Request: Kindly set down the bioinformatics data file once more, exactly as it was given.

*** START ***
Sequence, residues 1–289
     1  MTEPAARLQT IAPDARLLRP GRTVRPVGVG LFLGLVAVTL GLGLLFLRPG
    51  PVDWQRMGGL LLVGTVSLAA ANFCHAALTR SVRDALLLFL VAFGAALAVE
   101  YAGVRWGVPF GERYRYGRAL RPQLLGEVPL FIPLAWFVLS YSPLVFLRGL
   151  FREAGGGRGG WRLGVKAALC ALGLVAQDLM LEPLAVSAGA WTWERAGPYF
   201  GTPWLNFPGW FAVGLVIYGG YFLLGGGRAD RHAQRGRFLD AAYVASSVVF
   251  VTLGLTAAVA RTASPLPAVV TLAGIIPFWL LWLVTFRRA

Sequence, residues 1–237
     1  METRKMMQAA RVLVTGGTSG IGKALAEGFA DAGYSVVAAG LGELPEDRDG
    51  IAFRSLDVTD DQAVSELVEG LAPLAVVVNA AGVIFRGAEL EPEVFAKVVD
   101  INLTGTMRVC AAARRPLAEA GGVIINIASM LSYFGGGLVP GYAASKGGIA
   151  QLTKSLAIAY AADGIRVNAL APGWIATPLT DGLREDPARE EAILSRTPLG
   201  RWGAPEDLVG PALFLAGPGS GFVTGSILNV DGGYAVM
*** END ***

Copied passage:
Sequence, residues 1–289
     1  MTEPAARLQT IAPDARLLRP GRTVRPVGVG LFLGLVAVTL GLGLLFLRPG
    51  PVDWQRMGGL LLVGTVSLAA ANFCHAALTR SVRDALLLFL VAFGAALAVE
   101  YAGVRWGVPF GERYRYGRAL RPQLLGEVPL FIPLAWFVLS YSPLVFLRGL
   151  FREAGGGRGG WRLGVKAALC ALGLVAQDLM LEPLAVSAGA WTWERAGPYF
   201  GTPWLNFPGW FAVGLVIYGG YFLLGGGRAD RHAQRGRFLD AAYVASSVVF
   251  VTLGLTAAVA RTASPLPAVV TLAGIIPFWL LWLVTFRRA

Sequence, residues 1–237
     1  METRKMMQAA RVLVTGGTSG IGKALAEGFA DAGYSVVAAG LGELPEDRDG
    51  IAFRSLDVTD DQAVSELVEG LAPLAVVVNA AGVIFRGAEL EPEVFAKVVD
   101  INLTGTMRVC AAARRPLAEA GGVIINIASM LSYFGGGLVP GYAASKGGIA
   151  QLTKSLAIAY AADGIRVNAL APGWIATPLT DGLREDPARE EAILSRTPLG
   201  RWGAPEDLVG PALFLAGPGS GFVTGSILNV DGGYAVM